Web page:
*: The British 2 pdr gun lacked a HE shell as far as I know, though.
**: There are exceptions, of course. Technical experts pay much attention to detail and some armies pay attention to special skills such as crossing light bridges or driving through woodland).
***: The Americans and to some degree other anglophone countries have the "hollow force" scare to keep operational expenses up, but that's a more general concern.
****: I know Hilmes' and Ogorkiewicz' books do cover such 'hidden' qualities, and that's it.
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2 comments:

  1. The same can be said of any arm or service. An air force with the most expensive jets but whose pilots get few hours, depots contain no spares, ground crews who never practice quick turn arounds, and with no aerial C2 or refueling capability is at best a paper air force. Similarly, the Middle Eastern nations that bought M1s have a fine force on paper (and maybe on parades), but does anyone think they have the skilled crews, maintenance teams and replenishment processes to be an effective armoured force?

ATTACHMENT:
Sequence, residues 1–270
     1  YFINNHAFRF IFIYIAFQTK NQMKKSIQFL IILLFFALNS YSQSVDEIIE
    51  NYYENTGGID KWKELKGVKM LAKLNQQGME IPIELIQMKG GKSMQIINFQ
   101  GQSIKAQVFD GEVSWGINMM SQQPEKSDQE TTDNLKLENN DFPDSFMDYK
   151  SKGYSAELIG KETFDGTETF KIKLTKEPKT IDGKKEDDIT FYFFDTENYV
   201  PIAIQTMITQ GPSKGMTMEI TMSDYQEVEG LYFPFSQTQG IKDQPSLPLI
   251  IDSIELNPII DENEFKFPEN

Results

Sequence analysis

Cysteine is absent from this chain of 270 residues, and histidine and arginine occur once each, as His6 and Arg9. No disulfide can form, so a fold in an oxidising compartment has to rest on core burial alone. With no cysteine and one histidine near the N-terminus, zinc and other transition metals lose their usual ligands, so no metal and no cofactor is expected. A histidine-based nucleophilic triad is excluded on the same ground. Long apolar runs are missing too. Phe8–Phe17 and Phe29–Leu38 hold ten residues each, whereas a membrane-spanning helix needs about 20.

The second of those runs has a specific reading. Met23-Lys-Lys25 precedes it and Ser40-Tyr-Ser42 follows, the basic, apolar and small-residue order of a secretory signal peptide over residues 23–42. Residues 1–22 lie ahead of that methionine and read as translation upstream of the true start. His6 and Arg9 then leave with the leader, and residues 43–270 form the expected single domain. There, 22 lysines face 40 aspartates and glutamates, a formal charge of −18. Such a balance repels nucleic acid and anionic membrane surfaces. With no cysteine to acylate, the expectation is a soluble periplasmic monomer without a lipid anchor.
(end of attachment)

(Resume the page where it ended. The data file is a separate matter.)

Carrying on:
That said, if I'm going to get into a tank fight, I'd personally like to have good armour, a good gun and good optics to go along with what I hope is superior training!

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  2. In 1940 the real ennemy for the german tanks, despite all the hype about the Arras skirmish, were the french DLM (light mechanized cavalry divisions), the first one was created as early as 1934. Maybe some elements of the DCR (heavy armor reserve div.) as they were organized very late in the pre-war and ''phony war'' period and have one bataillon of the famoos Char B1 bis.

    They proved to be quite good in Belgium (first big tank battle of the History in Hannut http://en.wikipedia.org/wiki/Battle_of_Hannut nearly totally unknown in the english-speaking world), and during some counterattacks (Abbeville http://en.wikipedia.org/wiki/Battle_of_Abbeville) and delay actions in June.

    The problem with both units is the lack of motorized/mechanized infantry and of a proper inter-arms doctrine, in fact they were used alone without proper support from any other units and thus didn't have the magneficient strategic effect of the massed Panzer divisions spearhead effects.

    On the paper the french have a lot of tanks but more than half the number were two-man tanks, in real life moving pill-boxes with no radio and very few utility against other tanks even when armed with long barreled 37mm (the majority of the R-35 and H35/39 have the old short 37mm gun of the Renault FT-18) as the commander was the gunner, the reloader and sometimes also the commander of the unit (he have to communicate with small flags).
    So at the end you have the Somua S-35 regiment from the DLM (the other usually have H-35/39) and the Char B1 bis bataillon of the DCR (as usual other units have the two-man tanks) and some reco units with well armed armored cars...that's very little.